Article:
Japan's suffrage plan stirs concern

Nationalists criticise plan to grant foreign permanent residents local voting rights.

    Few countries in the world allow foreign residents voting rights, but by next year foreign permanent residents living in the country could be given the right to vote in local elections.

    The largest such groups are Chinese and Koreans, whose presence is a legacy of Japan's imperial past, but the plan has its opponents, including nationalists.

    They fear that by granting suffrage in elections to ethnic Koreans and Chinese, as well as close to half a million other permanent-resident foreigners, Japan will be surrendering its autonomy and culture to outsiders.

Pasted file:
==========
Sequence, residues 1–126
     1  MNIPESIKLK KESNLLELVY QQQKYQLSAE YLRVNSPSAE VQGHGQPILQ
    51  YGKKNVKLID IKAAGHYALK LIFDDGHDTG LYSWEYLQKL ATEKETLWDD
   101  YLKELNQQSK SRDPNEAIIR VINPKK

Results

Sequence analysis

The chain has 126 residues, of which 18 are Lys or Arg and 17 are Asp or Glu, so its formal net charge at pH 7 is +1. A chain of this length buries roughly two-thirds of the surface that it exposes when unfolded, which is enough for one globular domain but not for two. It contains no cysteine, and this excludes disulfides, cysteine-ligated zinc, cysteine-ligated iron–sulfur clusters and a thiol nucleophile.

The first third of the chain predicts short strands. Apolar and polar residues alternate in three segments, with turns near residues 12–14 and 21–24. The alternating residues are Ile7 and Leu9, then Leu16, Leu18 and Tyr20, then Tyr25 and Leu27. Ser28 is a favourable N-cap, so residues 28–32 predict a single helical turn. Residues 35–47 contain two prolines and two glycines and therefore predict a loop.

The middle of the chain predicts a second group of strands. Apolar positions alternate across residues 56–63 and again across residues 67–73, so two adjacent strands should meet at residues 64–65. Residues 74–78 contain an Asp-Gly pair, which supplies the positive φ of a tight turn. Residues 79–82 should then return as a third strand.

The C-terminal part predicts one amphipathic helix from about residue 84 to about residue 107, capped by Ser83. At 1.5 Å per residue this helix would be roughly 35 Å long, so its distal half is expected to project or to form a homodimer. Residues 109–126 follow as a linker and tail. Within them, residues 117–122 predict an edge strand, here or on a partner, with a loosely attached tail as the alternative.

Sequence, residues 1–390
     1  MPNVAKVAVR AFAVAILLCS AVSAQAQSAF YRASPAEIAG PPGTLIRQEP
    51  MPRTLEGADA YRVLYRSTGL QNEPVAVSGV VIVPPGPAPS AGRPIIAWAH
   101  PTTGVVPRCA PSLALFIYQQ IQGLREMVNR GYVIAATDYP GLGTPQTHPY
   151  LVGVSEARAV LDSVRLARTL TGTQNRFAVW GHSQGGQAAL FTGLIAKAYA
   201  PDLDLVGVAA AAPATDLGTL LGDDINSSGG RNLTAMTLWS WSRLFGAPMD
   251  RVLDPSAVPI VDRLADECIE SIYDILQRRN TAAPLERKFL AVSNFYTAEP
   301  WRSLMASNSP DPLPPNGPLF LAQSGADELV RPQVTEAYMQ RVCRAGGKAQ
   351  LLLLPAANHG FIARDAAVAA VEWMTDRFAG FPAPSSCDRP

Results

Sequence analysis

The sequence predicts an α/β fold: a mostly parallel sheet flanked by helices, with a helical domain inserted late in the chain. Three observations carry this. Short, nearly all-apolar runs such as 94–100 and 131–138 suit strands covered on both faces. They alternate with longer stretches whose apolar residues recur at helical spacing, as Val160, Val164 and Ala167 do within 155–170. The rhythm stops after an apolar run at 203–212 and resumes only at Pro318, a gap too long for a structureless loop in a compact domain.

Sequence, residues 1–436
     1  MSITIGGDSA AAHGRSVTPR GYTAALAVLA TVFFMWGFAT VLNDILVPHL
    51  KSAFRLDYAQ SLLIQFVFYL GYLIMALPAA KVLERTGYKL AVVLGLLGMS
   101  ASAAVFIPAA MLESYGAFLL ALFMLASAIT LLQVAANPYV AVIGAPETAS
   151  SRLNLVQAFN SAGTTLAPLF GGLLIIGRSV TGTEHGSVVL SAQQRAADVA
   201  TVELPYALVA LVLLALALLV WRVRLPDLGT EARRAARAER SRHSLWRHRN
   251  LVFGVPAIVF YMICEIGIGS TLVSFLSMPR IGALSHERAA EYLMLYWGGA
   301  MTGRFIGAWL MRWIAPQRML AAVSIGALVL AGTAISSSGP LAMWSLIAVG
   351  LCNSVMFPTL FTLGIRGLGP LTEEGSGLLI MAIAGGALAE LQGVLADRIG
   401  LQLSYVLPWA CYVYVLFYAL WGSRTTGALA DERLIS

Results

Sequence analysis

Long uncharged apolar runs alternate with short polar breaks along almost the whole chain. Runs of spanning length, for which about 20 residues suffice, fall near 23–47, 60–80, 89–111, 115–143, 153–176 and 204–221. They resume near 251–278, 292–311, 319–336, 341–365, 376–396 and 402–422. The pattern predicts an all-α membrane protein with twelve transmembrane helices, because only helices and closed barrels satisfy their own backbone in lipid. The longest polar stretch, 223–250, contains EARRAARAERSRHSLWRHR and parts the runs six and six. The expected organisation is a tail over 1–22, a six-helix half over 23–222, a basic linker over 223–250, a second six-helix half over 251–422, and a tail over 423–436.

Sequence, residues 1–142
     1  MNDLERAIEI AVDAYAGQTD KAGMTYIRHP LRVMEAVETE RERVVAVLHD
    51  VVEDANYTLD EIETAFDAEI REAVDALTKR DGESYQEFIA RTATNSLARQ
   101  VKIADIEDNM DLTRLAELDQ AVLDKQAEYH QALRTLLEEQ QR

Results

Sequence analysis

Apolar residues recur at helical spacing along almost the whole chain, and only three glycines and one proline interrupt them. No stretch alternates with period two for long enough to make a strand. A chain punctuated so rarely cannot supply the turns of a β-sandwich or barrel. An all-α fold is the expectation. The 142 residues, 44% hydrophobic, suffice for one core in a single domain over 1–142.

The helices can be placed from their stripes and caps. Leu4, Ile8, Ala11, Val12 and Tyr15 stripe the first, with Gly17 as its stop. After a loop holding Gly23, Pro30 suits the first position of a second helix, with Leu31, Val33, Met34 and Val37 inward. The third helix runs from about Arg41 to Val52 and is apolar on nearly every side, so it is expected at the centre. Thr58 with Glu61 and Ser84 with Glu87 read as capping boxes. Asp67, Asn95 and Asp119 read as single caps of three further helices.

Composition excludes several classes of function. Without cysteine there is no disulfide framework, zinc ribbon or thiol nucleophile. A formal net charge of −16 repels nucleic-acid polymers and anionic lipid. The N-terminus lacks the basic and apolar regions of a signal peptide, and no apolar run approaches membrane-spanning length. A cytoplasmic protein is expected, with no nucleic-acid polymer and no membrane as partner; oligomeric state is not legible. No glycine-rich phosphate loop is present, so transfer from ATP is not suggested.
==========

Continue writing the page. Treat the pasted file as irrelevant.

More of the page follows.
Al Jazeera's Harry Fawcett reports from Tokyo, the country's capital.

    SOURCE: Al Jazeera


    YOU MIGHT ALSO LIKE

    Interactive: Coding like a girl

    Interactive: Coding like a girl

    What obstacles do young women in technology have to overcome to achieve their dreams? Play this retro game to find out.

    Heron Gate mass eviction: 'We never expected this in Canada'

    Hundreds face mass eviction in Canada's capital

    About 150 homes in one of Ottawa's most diverse and affordable communities are expected to be torn down in coming months

    I remember the day … I designed the Nigerian flag

    I remember the day … I designed the Nigerian flag

    In 1959, a year before Nigeria's independence, a 23-year-old student helped colour the country's identity.